Julia & Paula: An Update
In 1862, Julia Wilbur came to Alexandria, VA, from Rochester, NY, as a relief worker to help freedmen--people who came into the Union-occupied town from slavery.
Many of you read about my project to transcribe and annotate her diaries in this newsletter last August; a year later seems like a good time to update you.
In the next month or so, I'll have her pocket diaries from October 1862 through the end of 1865 online and searchable through the Alexandria Archeology Museum! I am finishing up an Introduction to provide an overview, so readers know what the diaries contain, and doing final proofing.
Here's a sample few pages--celebrating the end of the war on April 14, 1865, and the dreadful next day when news of President Lincoln's assassination came:
A few lessons learned that apply to other writing projects that involve research:
Keep track of your sources: I've wasted a lot of time re-finding the sources of some bits of information I unearthed along the way. In a few cases, I have not been able to use a nugget because I can't source it.
Ask for help: I don't do this enough, but I am getting better. Librarians, historians, genealogists, and others have valuable knowledge that relates to this project, whether about the context of the times or who "Sis" is.
Proof and proof some more: Not much more to say about this. I probably still have some mistakes in my roughly 400 pages (!) of transcripts and footnotes.
Stay curious: You have to be enthusiastic about the topic; otherwise, the endeavor becomes a chore and the final result suffers. As anyone I've talked to about this project knows, I have pretty much "channeled" Julia for almost two years, with plenty more to investigate. No, I don't mind spending weekends and evenings on this, or rearranging my (paid) work schedule so I can use the Archives during the day.
Accept what's not there: Primary sources can be maddening. Either some vital piece is missing or damaged or the document does not tell us what we want to know. Why did she do that? Who is this person referred to only by an initial? I may find out, I may not ever know. I can't make it up, unless, of course, I write a novel someday based on all this research....
I am learning that I can't do it all myself, so here's an opportunity for you.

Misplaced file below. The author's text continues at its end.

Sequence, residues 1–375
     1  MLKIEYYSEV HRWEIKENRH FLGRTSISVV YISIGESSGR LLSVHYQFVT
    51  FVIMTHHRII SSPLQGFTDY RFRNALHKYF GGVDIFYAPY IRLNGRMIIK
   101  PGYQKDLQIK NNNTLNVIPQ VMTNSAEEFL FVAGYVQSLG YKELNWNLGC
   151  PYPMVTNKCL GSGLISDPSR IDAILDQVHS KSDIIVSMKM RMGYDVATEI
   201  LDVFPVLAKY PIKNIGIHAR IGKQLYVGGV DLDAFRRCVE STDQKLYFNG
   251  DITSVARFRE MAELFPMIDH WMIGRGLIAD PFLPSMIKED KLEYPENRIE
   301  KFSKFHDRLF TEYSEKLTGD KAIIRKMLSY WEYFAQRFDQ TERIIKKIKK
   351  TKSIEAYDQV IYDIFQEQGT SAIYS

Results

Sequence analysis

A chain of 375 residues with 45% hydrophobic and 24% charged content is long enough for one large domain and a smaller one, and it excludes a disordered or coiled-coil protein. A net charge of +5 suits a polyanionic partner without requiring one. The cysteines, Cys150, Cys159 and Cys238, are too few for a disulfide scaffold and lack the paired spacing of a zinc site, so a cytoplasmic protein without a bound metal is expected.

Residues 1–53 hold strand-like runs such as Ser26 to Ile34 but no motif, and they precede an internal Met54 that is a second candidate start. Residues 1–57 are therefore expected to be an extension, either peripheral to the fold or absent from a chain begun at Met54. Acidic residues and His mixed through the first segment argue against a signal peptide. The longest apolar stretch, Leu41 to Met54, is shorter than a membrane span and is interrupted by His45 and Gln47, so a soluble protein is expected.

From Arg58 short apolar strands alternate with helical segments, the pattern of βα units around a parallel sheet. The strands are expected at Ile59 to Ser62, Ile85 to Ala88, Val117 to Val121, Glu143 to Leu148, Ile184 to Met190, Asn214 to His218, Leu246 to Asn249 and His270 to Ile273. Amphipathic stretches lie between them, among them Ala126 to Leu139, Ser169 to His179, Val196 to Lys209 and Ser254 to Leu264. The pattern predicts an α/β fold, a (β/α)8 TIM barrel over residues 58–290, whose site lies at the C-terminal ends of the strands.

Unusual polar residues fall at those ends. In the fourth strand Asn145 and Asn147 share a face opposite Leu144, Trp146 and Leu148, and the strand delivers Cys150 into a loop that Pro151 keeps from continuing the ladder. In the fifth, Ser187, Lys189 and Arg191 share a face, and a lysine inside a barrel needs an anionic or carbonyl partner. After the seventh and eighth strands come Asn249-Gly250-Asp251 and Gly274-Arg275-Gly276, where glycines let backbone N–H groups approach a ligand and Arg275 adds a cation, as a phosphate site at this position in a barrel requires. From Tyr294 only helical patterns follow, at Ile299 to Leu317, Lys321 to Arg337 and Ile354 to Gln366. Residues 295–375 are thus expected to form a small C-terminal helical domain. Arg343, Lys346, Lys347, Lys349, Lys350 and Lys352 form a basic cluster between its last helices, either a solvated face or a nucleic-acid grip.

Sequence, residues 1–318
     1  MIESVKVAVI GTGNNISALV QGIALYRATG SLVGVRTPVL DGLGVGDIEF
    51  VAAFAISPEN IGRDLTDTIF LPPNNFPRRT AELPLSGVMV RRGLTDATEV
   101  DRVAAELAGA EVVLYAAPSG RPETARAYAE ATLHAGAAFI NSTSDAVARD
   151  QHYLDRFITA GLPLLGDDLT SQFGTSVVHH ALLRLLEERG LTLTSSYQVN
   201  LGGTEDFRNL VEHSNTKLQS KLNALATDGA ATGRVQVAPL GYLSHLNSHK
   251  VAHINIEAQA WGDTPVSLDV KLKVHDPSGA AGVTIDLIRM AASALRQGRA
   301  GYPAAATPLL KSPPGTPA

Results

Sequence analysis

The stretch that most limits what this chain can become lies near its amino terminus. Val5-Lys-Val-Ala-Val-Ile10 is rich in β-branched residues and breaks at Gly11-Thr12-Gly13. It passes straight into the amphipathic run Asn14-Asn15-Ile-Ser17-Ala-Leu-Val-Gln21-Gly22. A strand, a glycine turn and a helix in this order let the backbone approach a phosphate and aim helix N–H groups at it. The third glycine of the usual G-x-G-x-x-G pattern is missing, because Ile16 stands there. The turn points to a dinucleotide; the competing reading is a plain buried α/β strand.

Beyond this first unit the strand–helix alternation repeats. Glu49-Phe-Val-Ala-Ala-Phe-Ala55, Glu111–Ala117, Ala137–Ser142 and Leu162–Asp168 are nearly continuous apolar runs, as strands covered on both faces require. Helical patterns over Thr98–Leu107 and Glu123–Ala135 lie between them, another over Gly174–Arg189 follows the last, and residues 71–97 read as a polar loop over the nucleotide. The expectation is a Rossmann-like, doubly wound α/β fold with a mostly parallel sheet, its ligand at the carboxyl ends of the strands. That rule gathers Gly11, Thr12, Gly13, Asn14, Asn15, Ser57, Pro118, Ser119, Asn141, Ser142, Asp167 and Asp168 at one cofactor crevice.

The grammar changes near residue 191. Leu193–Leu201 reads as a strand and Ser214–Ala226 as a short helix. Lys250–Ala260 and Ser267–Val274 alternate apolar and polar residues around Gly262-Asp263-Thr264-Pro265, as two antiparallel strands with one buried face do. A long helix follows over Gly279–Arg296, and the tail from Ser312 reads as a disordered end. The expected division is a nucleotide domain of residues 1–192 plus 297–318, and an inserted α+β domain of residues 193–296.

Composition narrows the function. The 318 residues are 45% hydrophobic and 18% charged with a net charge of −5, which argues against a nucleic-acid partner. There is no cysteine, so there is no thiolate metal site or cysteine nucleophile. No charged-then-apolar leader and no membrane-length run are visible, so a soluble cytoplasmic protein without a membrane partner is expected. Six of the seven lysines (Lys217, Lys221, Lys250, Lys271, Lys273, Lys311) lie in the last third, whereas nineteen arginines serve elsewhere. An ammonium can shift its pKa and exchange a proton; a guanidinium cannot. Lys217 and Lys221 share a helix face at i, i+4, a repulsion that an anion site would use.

When I went to Haverford College last summer, where the original diaries are archived, I discovered that Wilbur had concurrently kept a whole other journal that had never been microfilmed or scanned (although researchers have access to the originals). This summer, the Friends of Alexandria Archeology agreed to share the cost with Haverford to digitize the years that relate to the Civil War.
So the next phase of this project is to transcribe and annotate this second set of diaries. For this, I will work with
the Alexandria Archeology Museum to set up a small team of (volunteer) transcribers who can each take a few months' worth of entries.
Are you interested? You will gain an amazing first-hand feel for the war and one woman's role in it. We will hold a short orientation in September; then, volunteers can take a piece and work to fit their schedules. Let me know
if you would like to participate.
|New Full Circle Phone Number|
Full Circle Communications now has a slightly different phone number: 703-212-0350.
I eliminated one of my two land lines when I realized how less often I use either one these days.
That said, give a call to say hello!
April 2013 marked the 5th anniversary of this newsletter.
Check out the archive of the issues I've sent out since then.
Also, in late 2012, I compiled many of the articles first published in this newsletter into an ebook. If you haven't seen it yet, view or download a complimentary copy on my website.
Have an idea for a future issue of the newsletter? Please let me know.